As many of you know, Maine’s forests are facing an onslaught of changes that threaten to change or degrade the diversity and productivity of our forests. Our forests have lost millions of mature elms and chestnuts, and are poised to lose most of their ash trees. Red spruce, balsam fir, birches and hemlock are all likely to face steep declines during this century. Oaks are at risk due to pathogens such as Oak Wilt and Sudden Oak Death. Beech trees, which provided important wildlife food along with chestnuts, are now a shadow of their former selves due to disease. You may have noticed that I’ve mentioned many of Maine’s major trees here. The simple truth is that our forests as we know them are likely to disappear. As conservation minded citizens, we will need to act to shepherd our forested lands into a very different future. Waldo county is 84% forested, and forests and trees are an important part of people’s lives and livelihoods here.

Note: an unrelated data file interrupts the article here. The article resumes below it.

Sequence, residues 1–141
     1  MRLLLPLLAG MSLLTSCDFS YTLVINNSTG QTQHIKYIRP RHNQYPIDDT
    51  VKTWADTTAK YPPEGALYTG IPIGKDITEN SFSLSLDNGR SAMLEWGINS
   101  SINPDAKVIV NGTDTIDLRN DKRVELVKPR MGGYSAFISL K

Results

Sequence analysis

Our District has been at the forefront of developing soil and water conservation district leadership in forest resource conservation. Waldo SWCD has decided to make our work about addressing the degradation of forests and helping our residents find ways to steward forests during this challenging period. Our Forests for Our Future resource protection theme has encompassed stewardship workshops, high school educational programs and conservation technical assistance. We have also partnered with the Maine Forest Service to provide outreach and to monitor for invasive forest insect pests.